Every writer fears it. Every published author knows it intimately. Most writers/authors even keep these rejections all together in a file folder or a box.
To combat the overwhelming feeling of Look at all these people who think you’re a horrible writer. You should just give up NOW! that occurs when opening my rejection file, I’ve created a “I Don’t Suck” file.
What is an “I Don’t Suck” file?
It’s antivenom to the sting of rejection.
Mine is a file folder stuffed (well, not stuffed, but it does have some weight to it) with positive things people–especially other writers–have said about my writing.
Why do writers need an “I Don’t Suck” file?
Simple. When you are mired in despair, or looking at a fresh rejection, or thinking about giving up, you can pull out this file you’ve created for just such an occasion, open it up, and read all the good things people have said about your work.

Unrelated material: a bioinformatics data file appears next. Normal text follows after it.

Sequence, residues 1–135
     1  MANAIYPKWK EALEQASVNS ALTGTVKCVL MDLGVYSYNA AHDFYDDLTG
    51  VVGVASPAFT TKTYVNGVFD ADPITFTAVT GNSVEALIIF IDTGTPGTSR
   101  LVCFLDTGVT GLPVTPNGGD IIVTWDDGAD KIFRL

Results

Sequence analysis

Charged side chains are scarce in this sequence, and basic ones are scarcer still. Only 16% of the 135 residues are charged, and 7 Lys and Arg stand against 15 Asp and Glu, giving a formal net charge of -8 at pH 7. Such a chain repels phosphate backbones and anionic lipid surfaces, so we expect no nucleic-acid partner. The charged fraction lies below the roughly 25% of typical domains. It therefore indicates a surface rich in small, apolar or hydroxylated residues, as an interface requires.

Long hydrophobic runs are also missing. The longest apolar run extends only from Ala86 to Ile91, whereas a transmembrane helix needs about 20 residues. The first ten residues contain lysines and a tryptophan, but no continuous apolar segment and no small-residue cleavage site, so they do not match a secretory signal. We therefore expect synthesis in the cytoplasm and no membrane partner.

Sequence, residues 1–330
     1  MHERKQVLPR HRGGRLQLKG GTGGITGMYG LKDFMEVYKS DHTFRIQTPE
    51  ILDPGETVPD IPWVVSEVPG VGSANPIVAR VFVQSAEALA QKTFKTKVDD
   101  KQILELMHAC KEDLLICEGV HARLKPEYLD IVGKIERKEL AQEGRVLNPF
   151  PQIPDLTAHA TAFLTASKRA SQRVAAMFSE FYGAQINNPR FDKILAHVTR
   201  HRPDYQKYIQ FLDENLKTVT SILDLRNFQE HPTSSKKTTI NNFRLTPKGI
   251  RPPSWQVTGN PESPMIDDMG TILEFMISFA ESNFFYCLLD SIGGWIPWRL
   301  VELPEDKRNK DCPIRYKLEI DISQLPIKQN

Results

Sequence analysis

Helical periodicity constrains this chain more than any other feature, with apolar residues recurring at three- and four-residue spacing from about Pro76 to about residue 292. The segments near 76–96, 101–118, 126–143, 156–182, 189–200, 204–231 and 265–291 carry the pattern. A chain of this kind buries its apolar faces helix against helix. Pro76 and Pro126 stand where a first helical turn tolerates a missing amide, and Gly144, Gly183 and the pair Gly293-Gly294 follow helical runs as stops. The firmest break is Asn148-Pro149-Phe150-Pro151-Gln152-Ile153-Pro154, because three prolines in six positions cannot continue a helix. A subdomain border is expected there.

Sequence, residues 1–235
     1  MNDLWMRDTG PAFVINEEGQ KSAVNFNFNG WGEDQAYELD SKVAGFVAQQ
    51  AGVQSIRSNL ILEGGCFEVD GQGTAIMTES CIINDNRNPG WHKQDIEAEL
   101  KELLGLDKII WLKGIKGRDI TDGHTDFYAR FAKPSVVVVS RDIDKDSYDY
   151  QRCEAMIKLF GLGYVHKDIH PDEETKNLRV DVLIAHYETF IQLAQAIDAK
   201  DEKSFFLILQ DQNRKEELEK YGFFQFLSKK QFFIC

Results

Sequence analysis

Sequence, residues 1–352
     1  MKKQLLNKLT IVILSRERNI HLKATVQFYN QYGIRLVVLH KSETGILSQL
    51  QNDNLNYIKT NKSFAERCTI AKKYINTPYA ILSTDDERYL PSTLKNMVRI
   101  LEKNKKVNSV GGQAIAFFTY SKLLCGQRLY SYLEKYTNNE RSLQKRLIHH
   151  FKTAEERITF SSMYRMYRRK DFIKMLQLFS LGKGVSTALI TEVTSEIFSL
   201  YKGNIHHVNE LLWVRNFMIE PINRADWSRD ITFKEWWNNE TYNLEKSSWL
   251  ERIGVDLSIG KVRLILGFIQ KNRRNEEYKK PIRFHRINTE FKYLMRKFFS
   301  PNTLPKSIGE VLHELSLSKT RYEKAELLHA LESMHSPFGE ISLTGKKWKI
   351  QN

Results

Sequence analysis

In mine, I have various critiques of my first paragraphs, pages, chapters, and even the whole thing, encouraging email exchanges from published authors, and several of the comments from the “My Novel” section on my blog.
Most recently, I opened it to insert the judges feedback from the first writing contest I ever entered (The Heart of the West RWA contest…my score was 194 out of 200, which is cool, but the judge’s comments were worth their weight in gold for my writing self-esteem–especially since two of them were published authors.).
Why bother creating such a file?
Because rejection, if you let it, can lead you down the path of Maybe I shouldn’t be doing this. Maybe I’m wasting my time. (Insert your favorite “mired in despair” comment here).
Cure the sting and make a “I Don’t Suck” file of your own.
And finally, can rejection ever be funny?
Literary Rejections on Display. Funny letters, funnier comments, and by reading other writer’s rejections you’ll know you’re not alone.
10 Funniest Rejection Letters. Actual rejection letters from Mad Magazine, Disney Productions, and many more. Hilarious!